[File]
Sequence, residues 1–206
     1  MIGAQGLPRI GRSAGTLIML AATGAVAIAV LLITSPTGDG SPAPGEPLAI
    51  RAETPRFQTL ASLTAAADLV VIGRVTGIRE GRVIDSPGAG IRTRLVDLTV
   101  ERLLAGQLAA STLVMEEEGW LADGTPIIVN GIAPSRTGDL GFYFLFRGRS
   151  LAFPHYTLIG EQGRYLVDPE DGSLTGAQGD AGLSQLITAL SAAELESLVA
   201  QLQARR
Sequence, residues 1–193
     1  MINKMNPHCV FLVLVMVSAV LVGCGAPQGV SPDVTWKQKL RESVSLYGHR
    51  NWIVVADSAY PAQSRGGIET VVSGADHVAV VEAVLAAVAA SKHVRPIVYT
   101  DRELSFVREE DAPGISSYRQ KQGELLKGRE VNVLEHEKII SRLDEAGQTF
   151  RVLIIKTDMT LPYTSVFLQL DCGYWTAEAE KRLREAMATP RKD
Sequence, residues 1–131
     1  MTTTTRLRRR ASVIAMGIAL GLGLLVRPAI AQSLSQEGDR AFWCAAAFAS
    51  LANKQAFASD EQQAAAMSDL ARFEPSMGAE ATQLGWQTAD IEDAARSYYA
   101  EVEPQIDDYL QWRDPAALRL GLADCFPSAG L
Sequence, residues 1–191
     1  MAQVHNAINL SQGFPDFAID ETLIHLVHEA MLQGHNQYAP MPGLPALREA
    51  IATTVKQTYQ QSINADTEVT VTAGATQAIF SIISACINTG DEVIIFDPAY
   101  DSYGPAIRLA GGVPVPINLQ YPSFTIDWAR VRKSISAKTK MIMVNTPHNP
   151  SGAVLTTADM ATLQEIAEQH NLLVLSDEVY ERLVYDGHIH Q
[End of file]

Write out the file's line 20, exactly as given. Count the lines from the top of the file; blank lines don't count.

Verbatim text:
   151  SGAVLTTADM ATLQEIAEQH NLLVLSDEVY ERLVYDGHIH Q